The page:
Drip Coffee/Pour-Over

    Some coffee dripping in a chemex

    Another, really common way people love to enjoy black coffee is the drip coffee maker. This is a method of brewing coffee that siphons and heats the water before showering it over a bed of coffee grounds sat in a paper filter. The water soaks the grounds and brews coffee and the paper filter separates the grounds from the liquid. The coffee drips down into a carafe below ready to serve.

    This is one of the easiest and most reliable methods that coffee lovers rely on for making black coffee. The machine controls all the variables so all you need to do is select a coffee that’s ground to medium grind size and add it to the machine. It’s worth noting that this kind of coffee is also sometimes referred to as ‘filter coffee’.

    Pour-over coffee is basically the hands-on version of a drip machine where you actually pour the hot water over the coffee grounds. This gives you more control over the brewing process.

    Both methods produce a very dark, smooth cup of coffee that’s strong and satisfying. If you see black coffee on the menu in a coffee shop and it’s not an Americano then chances are it’s drip coffee.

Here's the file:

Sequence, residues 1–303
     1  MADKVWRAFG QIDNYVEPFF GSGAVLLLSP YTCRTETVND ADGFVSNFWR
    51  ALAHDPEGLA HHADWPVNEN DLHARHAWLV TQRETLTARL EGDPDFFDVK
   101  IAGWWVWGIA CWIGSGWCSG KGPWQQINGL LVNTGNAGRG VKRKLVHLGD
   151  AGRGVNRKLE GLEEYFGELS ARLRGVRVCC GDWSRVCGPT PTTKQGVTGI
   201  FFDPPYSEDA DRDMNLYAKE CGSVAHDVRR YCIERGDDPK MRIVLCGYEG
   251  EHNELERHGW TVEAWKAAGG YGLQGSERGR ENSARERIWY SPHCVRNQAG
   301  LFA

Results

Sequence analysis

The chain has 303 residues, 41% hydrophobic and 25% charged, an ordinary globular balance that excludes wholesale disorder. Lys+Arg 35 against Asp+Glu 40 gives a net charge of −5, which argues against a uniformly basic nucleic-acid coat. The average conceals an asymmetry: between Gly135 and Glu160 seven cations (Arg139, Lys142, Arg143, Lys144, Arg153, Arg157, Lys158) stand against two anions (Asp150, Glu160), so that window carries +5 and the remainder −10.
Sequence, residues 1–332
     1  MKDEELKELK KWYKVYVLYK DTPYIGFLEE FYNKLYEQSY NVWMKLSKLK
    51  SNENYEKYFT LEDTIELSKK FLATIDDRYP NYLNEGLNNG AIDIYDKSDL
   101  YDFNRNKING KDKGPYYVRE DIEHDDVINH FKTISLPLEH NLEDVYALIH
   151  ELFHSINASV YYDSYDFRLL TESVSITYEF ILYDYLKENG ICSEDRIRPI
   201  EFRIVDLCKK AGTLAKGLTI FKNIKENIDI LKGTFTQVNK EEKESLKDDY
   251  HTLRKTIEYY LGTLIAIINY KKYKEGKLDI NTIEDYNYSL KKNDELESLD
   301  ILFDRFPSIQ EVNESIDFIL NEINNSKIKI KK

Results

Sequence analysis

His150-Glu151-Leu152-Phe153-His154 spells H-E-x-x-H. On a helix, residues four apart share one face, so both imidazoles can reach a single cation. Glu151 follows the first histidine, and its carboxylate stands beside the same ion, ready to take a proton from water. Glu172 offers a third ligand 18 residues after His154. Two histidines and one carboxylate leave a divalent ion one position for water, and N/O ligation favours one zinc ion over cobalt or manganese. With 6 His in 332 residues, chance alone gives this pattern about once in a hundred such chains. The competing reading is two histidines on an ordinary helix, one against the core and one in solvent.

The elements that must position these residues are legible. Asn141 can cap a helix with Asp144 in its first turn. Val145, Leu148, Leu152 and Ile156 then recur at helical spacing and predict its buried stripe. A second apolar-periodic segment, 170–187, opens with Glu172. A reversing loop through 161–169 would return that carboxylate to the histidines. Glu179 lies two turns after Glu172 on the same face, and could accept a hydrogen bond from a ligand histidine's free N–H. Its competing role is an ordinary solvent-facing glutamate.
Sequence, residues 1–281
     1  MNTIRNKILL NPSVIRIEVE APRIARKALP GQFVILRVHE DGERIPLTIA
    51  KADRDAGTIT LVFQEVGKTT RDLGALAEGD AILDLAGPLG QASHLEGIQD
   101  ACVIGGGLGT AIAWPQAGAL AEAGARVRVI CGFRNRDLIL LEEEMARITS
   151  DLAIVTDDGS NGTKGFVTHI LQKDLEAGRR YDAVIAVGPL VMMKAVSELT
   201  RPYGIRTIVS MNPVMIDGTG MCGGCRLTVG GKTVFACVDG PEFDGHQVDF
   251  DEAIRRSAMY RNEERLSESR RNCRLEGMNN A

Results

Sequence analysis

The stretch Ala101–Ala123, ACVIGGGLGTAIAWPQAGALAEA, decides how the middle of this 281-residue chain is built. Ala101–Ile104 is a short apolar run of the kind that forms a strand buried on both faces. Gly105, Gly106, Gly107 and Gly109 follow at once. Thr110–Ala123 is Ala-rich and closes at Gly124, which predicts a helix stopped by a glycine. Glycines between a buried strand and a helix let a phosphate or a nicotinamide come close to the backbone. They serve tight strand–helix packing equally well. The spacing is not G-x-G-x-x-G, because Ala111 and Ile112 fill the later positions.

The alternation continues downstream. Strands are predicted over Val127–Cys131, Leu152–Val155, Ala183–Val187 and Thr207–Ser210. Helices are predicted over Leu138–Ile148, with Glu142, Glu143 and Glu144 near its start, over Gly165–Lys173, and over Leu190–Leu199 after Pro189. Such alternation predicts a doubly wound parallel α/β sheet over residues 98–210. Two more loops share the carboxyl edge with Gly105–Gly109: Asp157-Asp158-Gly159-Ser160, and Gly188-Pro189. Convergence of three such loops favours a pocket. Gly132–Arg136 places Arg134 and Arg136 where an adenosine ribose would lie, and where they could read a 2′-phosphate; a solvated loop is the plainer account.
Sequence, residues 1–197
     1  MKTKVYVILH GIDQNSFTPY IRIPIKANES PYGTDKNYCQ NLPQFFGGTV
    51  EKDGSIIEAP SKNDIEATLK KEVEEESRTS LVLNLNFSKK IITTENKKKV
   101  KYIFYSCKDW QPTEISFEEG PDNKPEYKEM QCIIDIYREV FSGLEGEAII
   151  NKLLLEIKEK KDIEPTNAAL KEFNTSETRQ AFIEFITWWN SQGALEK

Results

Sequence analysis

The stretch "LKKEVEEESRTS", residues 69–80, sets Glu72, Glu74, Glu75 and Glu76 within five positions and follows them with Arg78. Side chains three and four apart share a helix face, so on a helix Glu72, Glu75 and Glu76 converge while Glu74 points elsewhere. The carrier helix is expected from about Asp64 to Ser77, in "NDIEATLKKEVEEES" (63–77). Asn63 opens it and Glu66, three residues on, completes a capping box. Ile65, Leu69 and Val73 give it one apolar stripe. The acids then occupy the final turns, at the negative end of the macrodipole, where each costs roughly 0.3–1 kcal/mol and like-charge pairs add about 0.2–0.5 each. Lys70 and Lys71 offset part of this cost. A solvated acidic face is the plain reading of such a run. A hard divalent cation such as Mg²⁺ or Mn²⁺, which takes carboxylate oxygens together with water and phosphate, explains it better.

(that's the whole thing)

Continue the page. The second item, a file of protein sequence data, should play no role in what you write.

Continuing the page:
French Press

    A Bodum Chambord French Press with the sun shining through it

    A French press is another easy way to brew black coffee at home. It’s an immersion-style brewer so the coffee is submerged in the water until the extraction is complete. It works by adding coarsely ground coffee and hot water to the carafe and letting this mixture steep for 4 minutes. Once the time is up, you press down on the plunger and this moves a mesh filter through the liquid to separate the coffee away from the grounds.

    This method brews a rich, bold cup of black coffee that’s thick and grainy in texture. The mesh filter means high levels of coffee oils remain which can add a more diverse range of flavors although some people find this to be too strong.

    Long Black

    Another black coffee option that you may notice on your coffee shop’s menu is the long black. This drink is very similar to an Americano although the brewing steps differ slightly. The long black, similar to the flat white, has Australian origins. It’s made by taking a mug of hot water and topping it off with a shot or two of espresso. Layering the coffee on top helps the crema to remain intact and gives a stronger coffee hit in the first sip.

    Cold Brew

    A jar of cold coffee on ice

    If you don’t mind a bit of a wait then a cup of cold brew coffee can be a deliciously refreshing treat on a hot summer’s day. This method of brewing coffee utilizes a cold, slow extraction technique where coarsely ground coffee is left sitting in cold or room temperature water for 12-24 hours. The cold water means the extraction phase is a lot slower but avoids any burnt or bitter tastes ending up in the black coffee. It brews a sweet, smooth cup of joe that’s low in acidity so perfect for anyone with a sensitive stomach.